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Bad days can be signal of more serious mental health issues

November 10, 2003|by Christine L. Moats

According to Mike Shea, administrative director of Behavioral Health Services of Washington County Hospital, most people pay little attention to their own mental health but are quick to notice changes in others. It is not unusual for people to fail to recognize they have had several bad days and have become more irritable with others, withdrawn, or have begun experiencing sleep and appetite changes. These can be early warning signs of more serious issues impacting mental health.

The National Institute for Mental Health (NIMH) reports depression to be the most common form of mental illness in the United States. NIMH estimates one out of five people will experience clinical depression in their lifetime. According to a study conducted in 1996 by the World Bank and World Health Organization, depression is second only to heart disease in health impact worldwide. Richard O'Connor, author of "Active Treatment of Depression," wrote, "In the United States in 1990, the cost of treatment of depression, increased mortality, and loss of productivity was estimated at $44 billion a year, higher than any disease but heart disease, greater than the effect of cancer, AIDS, lung disease, MS, or any other single entity."

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The Diagnostic and Statistical Manual of Mental Disorders, a guidebook for mental health diagnosis, reports a person needs to demonstrate five or more of the following symptoms during the same two-week period that represents a change from previous functioning. At least one of the symptoms is either depressed mood or loss of interest or pleasure.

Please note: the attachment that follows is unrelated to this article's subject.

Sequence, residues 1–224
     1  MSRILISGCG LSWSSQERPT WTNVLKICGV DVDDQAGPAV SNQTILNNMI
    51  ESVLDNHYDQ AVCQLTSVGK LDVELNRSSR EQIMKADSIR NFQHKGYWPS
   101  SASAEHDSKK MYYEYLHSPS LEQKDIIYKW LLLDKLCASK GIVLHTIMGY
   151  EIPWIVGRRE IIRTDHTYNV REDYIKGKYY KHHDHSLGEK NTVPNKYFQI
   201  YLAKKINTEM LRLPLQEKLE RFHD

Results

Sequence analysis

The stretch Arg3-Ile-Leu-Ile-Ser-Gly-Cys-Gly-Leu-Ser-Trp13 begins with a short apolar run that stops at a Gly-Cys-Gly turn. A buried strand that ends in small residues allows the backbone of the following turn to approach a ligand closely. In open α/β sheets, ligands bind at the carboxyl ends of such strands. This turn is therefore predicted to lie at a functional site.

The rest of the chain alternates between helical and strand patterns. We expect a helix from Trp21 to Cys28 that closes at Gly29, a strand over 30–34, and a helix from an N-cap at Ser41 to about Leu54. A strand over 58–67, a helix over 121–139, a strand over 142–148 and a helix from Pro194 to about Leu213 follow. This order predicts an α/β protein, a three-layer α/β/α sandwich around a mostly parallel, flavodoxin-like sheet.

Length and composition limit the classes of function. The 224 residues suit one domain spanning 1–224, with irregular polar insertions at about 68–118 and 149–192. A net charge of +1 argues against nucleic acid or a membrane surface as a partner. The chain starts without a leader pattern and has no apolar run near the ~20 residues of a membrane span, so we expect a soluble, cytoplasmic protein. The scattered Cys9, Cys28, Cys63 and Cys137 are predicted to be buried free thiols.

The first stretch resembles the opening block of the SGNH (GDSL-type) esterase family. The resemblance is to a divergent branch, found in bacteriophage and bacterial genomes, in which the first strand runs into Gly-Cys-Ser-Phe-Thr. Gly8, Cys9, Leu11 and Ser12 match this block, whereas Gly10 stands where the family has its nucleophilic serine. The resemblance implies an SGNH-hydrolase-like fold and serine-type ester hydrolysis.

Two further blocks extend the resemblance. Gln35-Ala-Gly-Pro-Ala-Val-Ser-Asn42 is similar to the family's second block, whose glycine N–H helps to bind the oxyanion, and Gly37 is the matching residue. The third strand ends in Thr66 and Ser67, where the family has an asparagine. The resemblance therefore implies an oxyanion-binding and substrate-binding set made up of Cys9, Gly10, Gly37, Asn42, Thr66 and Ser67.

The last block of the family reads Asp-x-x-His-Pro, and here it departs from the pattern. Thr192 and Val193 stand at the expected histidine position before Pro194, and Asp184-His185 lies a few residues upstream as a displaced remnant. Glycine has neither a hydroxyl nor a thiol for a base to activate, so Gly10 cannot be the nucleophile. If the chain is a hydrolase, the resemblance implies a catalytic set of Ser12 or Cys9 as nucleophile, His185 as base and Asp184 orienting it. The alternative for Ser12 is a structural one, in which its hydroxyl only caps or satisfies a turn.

1. Depressed mood most of the day, nearly every day, as indicated by feelings of sadness or emptiness, or observation of others as being tearful or depressed.

2. Markedly diminished interest or pleasure in all, or almost all, activities most of the day, nearly every day.

3. Weight gain, significant weight loss when not dieting, or a change in appetite (increase or decrease) every day.

4. Insomnia (can't sleep) or hypersomnia (too much sleep).

5. Psychomotor agitation (restlessness) or retardation (slowed body movement) nearly every day.

6. Fatigue or loss of energy nearly every day.

7. Feelings of worthlessness or excessive or inappropriate guilt nearly every day.

8. Diminished ability to think or concentrate, or indecisiveness, nearly every day.

9. Recurrent thoughts of death, recurrent suicidal ideation without a specific plan, a suicide attempt or a specific plan for committing suicide.

10. The symptoms cause clinically significant distress or impairment in social, occupational, or other important areas of functioning.

When these symptoms continue longer than two consecutive weeks, it is considered major depression.

"Experiencing a variety of these symptoms for an extended period of time is the major factor," noted Shea. "The ability to consistently model the healthy characteristics of mental health will diminish the longer and more frequent these negative symptoms are present."

Seek professional assistance when these traits are present greater than two weeks, or sooner if suicidal thoughts are present.

Next Monday's column will focus on what to expect from treatment and where help can be found.

- Sources: National Institute for Mental Health; "Active Treatment of Depression" (2001); "The Diagnostic and Statistical Manual of Mental Disorders."




Christine L. Moats is a wellness coordinator at Washington County Hospital.

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